PHILADELPHIA (WPVI) -- The legal profession expects a flood of landlord-tenant cases with the end of the eviction moratorium, which lapsed Monday.
Next week, landlords can begin locking out tenants, leaving financially-strapped families on edge.
"We've seen a lot more calls coming in," said Rachel Garland, with Community Legal Services, a nonprofit that helps low-income residents deal with landlord-tenant issues for free.
She said Philadelphia tenants have a bit more relief ahead.
Tuesday marked day one of the Philadelphia's Eviction Diversion Program, which allows tenants if they prove a COVID-19 hardship, can prevent eviction until the landlord and tenant enter into mediation.
"You do have to fill out a certification form and send it back to your landlord. So, that certification form, you can either find it on the Fair Housing Commission's website, or you can find it on our phillytenant.org website," Garland said.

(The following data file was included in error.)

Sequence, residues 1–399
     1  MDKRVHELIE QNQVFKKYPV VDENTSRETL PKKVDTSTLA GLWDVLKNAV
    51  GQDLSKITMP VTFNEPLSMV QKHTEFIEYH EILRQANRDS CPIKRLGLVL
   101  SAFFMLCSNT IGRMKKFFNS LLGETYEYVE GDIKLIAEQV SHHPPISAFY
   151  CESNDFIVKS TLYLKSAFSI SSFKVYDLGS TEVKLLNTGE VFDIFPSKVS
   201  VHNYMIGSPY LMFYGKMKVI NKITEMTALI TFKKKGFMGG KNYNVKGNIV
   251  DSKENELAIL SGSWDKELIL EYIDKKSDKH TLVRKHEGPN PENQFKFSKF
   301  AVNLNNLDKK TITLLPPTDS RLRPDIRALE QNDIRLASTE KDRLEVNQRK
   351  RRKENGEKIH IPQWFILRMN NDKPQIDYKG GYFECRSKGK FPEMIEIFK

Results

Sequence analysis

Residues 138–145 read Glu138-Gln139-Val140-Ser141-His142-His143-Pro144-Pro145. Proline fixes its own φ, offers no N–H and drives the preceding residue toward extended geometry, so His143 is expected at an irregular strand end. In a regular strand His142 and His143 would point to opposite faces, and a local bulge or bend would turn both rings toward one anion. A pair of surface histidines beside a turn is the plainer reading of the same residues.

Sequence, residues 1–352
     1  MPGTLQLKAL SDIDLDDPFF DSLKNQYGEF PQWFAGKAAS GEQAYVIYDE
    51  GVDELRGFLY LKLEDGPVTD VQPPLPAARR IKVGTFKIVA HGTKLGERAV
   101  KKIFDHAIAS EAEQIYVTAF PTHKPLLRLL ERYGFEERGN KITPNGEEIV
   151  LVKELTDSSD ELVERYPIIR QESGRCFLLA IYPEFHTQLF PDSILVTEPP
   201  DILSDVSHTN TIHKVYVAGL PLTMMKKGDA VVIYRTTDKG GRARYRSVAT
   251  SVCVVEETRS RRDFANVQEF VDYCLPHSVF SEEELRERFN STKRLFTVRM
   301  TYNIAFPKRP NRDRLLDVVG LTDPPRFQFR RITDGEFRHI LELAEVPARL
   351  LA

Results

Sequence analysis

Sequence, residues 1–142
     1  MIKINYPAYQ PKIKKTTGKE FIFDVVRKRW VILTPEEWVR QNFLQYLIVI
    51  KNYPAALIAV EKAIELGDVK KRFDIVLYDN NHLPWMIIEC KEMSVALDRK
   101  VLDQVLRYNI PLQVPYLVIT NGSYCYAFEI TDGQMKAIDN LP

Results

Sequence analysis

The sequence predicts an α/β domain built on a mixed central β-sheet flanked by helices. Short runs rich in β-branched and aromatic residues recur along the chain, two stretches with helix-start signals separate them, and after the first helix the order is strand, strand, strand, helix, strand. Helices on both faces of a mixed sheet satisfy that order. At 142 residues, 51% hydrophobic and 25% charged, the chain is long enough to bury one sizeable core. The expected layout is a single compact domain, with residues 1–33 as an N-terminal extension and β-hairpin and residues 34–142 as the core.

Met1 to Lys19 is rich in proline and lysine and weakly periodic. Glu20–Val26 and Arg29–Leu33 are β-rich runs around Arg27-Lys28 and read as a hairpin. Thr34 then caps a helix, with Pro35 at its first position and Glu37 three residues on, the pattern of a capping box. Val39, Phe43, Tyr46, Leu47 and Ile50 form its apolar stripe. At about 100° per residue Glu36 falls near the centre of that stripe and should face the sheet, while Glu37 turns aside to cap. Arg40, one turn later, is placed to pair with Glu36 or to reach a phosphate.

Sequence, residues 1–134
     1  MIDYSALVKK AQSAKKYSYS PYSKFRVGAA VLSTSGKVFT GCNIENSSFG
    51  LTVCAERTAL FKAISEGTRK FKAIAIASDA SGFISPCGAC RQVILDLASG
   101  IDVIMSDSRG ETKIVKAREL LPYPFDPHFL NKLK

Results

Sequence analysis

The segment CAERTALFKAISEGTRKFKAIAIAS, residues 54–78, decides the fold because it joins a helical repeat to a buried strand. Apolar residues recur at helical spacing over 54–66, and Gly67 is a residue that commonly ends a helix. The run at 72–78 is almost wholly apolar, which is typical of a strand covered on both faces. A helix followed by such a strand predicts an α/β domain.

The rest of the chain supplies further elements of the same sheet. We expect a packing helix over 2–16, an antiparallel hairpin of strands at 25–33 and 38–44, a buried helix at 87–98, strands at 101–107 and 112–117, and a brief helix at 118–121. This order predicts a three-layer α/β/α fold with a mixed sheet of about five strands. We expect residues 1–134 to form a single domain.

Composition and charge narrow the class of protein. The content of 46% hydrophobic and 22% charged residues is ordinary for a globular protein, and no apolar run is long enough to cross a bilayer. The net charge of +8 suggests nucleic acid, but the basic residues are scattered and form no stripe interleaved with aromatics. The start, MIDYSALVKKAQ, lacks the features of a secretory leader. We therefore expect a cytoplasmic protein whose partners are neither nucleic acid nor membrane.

"Landlords don't really want to evict tenants. That's not what they're looking to do," said Paul Cohen, a landlord attorney and General Counsel for the Philadelphia Landlord Association.
He says the onus shouldn't fall squarely on landlords.
Cohen says a large portion of landlords are small mom and pop operations with low margins, including landlord Eddie Edge.
Edge has 12 units in West Philadelphia and investment income is down big, but he's decided to forgive past rents that couldn't be paid.
"I run really small margins. I am not living the high life. Cut 20% and I am out of profit. Anything more I am digging into savings," he said.
Legal professionals say - for now - the courts are going to be inundated with landlord tenants issues pre-COVID since the courts closed in mid-March. But a flood of court cases is expected late this year and into 2021.
Tenants who need help can call the Philadelphia Tenant Hotline at 267-443-2500 or the diversion program's website.
Eviction moratorium ends leaving some Philadelphia families on edge
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